The audience of about 30 included policy analysts from Washington-based think tanks, lawmakers, and scientists from across the country. The Daily Signal spoke with some attendees outside the EPA building on Pennsylvania Avenue in Northwest Washington.
“The EPA is now putting in place steps to buttress the scientific method,” Kent Lassman, president of the Competitive Enterprise Institute, said. “Part of this is being able to reproduce the analysis that provides counsel to regulation decisions. This means we will be doing better science.”
Right now, the EPA can rely on results without any public scrutiny of the underlying methodology or data sets. This is about taking politics out of science. If you can’t scrutinize the underlying data and you don’t have the opportunity to see if you can reproduce the same results, this undermines the credibility of the process.
Rob Gordon, a senior research fellow with The Heritage Foundation who specializes in environmental issues, told The Daily Signal that Pruitt’s rule will bring “openness and transparency” to the scientific process.
“This is about making the underlying methodology behind the science open and available to the public,” Gordon said. “Why would you want to keep your methodology a mystery? The underlying data should be available so that the results can be reproduced. Otherwise, how can you trust the information?”
Steve Milloy, an attendee who was part of the incoming Trump administration’s EPA transition team, released a statement on Pruitt’s decision.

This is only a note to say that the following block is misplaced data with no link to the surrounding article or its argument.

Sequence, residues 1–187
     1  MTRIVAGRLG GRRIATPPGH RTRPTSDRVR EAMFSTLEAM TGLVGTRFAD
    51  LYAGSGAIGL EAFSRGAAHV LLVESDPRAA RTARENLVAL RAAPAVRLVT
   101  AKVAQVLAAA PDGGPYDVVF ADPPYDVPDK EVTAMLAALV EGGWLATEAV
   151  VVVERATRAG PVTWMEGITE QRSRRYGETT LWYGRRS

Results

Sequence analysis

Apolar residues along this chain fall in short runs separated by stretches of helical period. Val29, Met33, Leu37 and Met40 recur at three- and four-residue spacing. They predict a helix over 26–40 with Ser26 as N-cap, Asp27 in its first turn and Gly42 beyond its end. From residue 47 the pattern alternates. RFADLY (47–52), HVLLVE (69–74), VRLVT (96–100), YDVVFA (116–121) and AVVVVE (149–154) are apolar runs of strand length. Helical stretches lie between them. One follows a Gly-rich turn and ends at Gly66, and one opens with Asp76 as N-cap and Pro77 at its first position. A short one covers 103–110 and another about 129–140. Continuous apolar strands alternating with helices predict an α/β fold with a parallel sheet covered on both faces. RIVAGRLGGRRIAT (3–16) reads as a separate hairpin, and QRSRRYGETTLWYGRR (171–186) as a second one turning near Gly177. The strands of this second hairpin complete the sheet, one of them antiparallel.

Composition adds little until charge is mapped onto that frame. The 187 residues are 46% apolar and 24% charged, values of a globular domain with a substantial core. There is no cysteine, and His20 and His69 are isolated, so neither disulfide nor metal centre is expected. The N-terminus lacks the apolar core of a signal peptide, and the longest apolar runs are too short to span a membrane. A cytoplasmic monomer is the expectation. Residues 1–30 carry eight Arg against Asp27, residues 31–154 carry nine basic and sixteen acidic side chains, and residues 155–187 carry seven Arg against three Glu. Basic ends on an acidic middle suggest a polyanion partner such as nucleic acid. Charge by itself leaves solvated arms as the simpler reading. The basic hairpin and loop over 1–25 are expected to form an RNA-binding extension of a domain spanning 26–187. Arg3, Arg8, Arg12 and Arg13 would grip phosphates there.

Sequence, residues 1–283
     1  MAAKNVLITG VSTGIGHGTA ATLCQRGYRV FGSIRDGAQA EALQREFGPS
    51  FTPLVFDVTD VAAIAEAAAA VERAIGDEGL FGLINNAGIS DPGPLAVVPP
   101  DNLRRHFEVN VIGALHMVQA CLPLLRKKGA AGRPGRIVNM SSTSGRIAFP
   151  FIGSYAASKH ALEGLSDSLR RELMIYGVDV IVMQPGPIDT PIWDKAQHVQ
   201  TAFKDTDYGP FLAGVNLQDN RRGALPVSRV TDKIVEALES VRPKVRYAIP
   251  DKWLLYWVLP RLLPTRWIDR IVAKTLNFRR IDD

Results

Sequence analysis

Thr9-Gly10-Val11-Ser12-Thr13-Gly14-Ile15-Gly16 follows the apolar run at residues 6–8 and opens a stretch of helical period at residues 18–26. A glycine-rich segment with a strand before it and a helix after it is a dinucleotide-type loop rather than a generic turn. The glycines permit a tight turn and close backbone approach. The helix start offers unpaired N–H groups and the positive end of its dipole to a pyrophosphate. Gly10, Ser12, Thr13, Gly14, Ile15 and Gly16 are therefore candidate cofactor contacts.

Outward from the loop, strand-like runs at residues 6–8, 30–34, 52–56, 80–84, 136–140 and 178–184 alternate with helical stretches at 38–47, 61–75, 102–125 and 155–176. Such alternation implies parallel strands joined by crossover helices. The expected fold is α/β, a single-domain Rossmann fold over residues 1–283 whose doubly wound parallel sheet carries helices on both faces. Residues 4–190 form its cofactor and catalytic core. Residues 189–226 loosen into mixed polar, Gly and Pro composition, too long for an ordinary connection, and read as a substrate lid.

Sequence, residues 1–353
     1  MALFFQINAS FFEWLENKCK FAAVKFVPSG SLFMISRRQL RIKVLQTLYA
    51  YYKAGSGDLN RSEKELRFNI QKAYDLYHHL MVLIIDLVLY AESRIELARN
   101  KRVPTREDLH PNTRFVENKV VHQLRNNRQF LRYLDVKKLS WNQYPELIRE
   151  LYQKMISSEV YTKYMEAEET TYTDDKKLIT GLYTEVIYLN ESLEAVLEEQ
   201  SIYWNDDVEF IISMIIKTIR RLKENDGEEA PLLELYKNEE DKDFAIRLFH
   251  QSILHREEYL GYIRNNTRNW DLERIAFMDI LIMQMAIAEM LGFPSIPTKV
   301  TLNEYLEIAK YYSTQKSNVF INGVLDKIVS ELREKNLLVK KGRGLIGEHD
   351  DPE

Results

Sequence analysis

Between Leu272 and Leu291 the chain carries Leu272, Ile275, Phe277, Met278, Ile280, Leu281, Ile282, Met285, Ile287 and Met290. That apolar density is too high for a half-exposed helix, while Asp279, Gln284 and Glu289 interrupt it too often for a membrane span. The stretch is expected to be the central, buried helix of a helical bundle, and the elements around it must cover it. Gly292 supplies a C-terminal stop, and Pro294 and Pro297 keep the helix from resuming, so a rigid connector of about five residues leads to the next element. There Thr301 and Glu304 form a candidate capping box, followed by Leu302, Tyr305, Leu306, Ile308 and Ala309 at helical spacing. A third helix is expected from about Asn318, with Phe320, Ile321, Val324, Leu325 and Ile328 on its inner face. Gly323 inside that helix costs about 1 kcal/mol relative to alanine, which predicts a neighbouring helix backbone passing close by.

“Much to Administrator Scott Pruitt’s credit, the Trump EPA has decided to end the use of such ‘secret science’ as a basis for regulatory actions that have harmed our economy, put companies out of business, and harmed consumers,” Milloy, publisher of JunkScience.com, said.
During the Obama administration, the EPA wantonly destroyed 94 percent of the market value of the coal industry, killed thousands of coal mining jobs, and wreaked havoc on coal mining families and communities, all based on data the EPA and its taxpayer-funded university researchers have been hiding from the public and Congress for more than 20 years.
Administrator Pruitt’s decision to bring science into the sunlight spells the end of junk science, which has fueled overregulation by the EPA for years. Second only to President Trump himself, Administrator Pruitt is the most valuable public servant America has.
Pruitt’s action is “a bold move,” Bonner Cohen, a senior fellow with the National Center for Public Policy Research, told The Daily Signal outside the event.
“And he is doing this not as an informal change in policy, but through the formal rule-making process, which will make it much more difficult for a future anti-science administration to undo,” Cohen said, adding:
This will send shock waves through the ranks of university researchers, who, for decades, have produced ‘findings’ in the knowledge that they would never have to disclose the underlying data. Those who demand that the American people have a ‘right to know’ how their government functions have now been put on notice that this also applies to taxpayer-funded research.